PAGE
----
Just my two cents as a non-track competitor, oversteer for the win. Stock non-pp suspension with the Steeda 2-point brace and the GT350R rear stabilizer bar, (no other suspension mods). After going to a 275/19 square set-up there was too much flex in the back. The heavier bar fixed that and the trac brace reduced the tramlining.

    The drive and feel are better in IMHO than my wife’s car on curvy mountainous roads, or just cruising down the Interstate. Lowering our cars is not possible due to clearance issues in the places we like to travel, historic towns, scenic byways, etc.…

    Yes, not the same as, but I found it interesting that the 2020 EcoBoost will have the same size rear bar that I placed on my car.

     
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  10. Cardude99

    Cardude99 Well-Known Member

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    I thought it was just me. My car understeers like crazy. To me it's too much, working on trying to reduce it. Inducing oversteer with an eco is not as easy as with a GT. At least not in stock form
     
  11. bootlegger

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    19x9.5 with 285/35/19 on all 4 corners. Using 5mm spacer (to clear Brembos) in front and 3mm in back.


    It could also be that I am not used to the tires. Going from PS4 to RE71R is a big change. I know I will need to get them hotter in order to see the real balance, but my first impressions are that I went from mild understeer to oversteer.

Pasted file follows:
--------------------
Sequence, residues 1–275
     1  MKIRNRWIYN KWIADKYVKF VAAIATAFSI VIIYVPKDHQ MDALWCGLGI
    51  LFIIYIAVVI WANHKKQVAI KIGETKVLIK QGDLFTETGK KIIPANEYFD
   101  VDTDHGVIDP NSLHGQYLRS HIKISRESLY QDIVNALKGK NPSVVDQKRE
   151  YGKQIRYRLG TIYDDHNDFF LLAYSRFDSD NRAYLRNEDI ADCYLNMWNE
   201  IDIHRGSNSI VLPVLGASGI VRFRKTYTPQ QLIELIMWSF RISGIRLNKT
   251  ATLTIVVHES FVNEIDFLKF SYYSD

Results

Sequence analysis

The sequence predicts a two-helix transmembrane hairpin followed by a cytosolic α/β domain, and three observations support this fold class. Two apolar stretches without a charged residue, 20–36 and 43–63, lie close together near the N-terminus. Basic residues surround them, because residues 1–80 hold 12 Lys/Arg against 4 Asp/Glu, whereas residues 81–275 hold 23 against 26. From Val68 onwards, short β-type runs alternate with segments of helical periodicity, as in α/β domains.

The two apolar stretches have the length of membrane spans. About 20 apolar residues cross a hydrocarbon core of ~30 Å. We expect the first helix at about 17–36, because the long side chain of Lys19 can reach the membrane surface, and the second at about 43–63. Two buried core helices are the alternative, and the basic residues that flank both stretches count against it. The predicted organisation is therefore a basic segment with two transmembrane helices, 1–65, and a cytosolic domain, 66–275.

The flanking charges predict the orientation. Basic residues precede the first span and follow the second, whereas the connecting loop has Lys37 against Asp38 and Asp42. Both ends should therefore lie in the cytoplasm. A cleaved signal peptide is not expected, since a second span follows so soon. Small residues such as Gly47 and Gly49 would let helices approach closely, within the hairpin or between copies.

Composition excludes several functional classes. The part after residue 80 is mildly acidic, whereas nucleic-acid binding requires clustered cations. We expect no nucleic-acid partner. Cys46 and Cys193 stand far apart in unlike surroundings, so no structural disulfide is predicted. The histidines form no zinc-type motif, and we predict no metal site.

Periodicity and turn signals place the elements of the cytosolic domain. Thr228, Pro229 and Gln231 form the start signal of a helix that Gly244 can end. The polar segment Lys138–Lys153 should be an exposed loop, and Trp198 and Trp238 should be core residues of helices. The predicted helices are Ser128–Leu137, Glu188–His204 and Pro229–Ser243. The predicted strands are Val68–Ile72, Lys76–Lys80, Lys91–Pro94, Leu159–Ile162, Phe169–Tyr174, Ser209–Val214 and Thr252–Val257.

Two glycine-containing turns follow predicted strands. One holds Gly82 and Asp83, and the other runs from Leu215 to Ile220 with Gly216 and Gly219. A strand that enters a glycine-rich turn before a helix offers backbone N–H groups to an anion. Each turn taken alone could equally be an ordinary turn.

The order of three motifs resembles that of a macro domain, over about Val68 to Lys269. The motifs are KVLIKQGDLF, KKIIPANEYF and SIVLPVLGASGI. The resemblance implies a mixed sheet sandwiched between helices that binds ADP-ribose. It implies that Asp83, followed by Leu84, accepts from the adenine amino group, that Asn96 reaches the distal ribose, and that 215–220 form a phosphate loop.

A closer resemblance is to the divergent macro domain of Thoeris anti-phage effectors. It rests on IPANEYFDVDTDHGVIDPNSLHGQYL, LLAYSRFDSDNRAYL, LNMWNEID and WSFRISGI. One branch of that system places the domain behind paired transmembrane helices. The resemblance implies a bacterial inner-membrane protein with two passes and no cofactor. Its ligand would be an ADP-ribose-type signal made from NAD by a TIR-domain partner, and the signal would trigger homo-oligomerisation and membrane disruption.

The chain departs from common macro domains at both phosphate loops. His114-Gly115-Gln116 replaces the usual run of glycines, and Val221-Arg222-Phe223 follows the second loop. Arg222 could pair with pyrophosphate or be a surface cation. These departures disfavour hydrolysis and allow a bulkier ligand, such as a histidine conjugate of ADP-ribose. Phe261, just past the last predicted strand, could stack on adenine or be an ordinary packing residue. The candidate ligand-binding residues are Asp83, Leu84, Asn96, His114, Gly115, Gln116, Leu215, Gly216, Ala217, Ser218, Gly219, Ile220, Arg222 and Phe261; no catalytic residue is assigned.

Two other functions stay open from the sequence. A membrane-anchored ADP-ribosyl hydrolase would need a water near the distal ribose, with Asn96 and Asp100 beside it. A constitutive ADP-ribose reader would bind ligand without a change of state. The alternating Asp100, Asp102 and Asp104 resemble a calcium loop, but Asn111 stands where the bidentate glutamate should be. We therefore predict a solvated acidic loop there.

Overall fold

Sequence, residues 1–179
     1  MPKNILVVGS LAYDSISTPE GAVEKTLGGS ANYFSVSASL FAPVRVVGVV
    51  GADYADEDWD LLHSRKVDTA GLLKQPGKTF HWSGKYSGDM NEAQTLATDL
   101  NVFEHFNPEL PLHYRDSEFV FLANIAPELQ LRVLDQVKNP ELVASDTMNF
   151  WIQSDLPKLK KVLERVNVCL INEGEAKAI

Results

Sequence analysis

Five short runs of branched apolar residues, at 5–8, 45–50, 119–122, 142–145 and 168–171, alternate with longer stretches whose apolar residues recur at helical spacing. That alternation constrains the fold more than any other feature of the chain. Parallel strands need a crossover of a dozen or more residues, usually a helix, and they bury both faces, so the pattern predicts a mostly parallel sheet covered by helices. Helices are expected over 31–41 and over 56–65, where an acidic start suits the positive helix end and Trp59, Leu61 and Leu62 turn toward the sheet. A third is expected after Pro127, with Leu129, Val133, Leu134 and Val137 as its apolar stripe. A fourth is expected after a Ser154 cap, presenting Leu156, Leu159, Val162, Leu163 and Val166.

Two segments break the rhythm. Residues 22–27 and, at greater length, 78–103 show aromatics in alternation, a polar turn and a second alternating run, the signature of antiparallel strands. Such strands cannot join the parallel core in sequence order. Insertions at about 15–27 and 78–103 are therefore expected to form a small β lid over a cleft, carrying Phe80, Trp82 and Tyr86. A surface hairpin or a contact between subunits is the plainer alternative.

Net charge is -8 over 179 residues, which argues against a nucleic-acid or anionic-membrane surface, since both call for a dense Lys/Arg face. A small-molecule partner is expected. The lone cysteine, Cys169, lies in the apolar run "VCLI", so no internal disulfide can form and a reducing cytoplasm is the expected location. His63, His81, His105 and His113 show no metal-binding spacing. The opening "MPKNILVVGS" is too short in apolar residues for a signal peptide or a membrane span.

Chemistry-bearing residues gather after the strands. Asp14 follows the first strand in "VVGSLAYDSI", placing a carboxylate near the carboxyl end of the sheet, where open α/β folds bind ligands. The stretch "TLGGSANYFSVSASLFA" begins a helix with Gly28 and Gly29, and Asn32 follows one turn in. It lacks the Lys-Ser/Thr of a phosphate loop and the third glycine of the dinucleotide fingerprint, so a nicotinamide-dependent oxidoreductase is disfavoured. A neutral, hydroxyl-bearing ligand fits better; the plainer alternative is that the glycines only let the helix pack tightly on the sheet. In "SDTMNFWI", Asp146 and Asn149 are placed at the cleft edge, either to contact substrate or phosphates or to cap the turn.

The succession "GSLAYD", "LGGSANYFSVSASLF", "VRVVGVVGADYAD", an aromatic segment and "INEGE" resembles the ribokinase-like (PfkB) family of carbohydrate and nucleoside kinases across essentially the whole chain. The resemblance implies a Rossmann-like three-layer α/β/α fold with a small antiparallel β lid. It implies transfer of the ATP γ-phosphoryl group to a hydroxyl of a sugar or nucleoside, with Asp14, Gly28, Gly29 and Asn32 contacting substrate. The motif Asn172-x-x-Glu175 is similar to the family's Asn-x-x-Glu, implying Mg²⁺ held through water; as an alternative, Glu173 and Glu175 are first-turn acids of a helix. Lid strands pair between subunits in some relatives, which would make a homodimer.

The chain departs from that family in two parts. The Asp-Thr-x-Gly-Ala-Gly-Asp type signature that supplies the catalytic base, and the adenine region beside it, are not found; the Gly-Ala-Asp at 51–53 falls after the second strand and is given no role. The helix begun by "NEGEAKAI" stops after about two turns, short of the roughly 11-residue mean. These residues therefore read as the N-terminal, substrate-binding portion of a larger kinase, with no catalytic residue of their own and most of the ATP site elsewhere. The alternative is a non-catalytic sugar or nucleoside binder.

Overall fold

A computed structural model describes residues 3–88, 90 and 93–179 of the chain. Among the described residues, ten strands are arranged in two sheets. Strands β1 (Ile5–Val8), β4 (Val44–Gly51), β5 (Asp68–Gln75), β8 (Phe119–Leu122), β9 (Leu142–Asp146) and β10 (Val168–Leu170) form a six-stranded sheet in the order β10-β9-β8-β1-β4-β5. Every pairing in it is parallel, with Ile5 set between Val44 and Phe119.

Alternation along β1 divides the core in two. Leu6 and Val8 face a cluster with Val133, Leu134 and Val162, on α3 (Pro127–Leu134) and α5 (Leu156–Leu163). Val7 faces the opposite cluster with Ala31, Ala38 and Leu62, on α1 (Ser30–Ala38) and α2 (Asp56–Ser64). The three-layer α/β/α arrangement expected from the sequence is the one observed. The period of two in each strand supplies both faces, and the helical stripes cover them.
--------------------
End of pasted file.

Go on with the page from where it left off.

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  12. BmacIL

    BmacIL Enginerd

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    You also flattened out the rake of the car while doing so, going from a 27.0" front, 27.7" rear to a 26.9" all around. The rear of the car dropped almost 3/8", while the front hardly any. This means less static weight on the front of the car, with more or less the same weight transfer.
     
  13. bootlegger

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    Wonder what it would feel like going with larger spacers in the rear. I imagine that would make things more neutral, but I am guessing I would need proper spacers with longer studs.
     
  14. OP
    OP
    Roadway 5.0

    Roadway 5.0 Strassejager

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    I’m 100% on your side. I suppose it’s a track-king versus street-carver situation, but for what I like to experience in my drive a larger rear bar with the stock PP front bar produces exactly the dynamic I enjoy. Turns are flat, and where I steer I go...telepathically.

    Interesting the stats on the new 2020 EcoBoost. I’m curious to the PP2’s sway bar sizes as well, though I can’t seem to find the specifics.
     
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  15. Norm Peterson

    Norm Peterson corner barstool sitter

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    The CG did move rearward, but I don't think that the amount it moved could be by enough to matter. I'm seeing 46.0% rear weight become something like 46.05% (gaining around 2 lbs) - it's a side view geometric solution involving fairly shallow triangles and arcs drawn about the front stub axle.

    It's easy to assume that changes in the relation between front and rear ride height are due to "weight" moving around, but we know that didn't happen. The sprung mass just rotated slightly about the front axle.


    Norm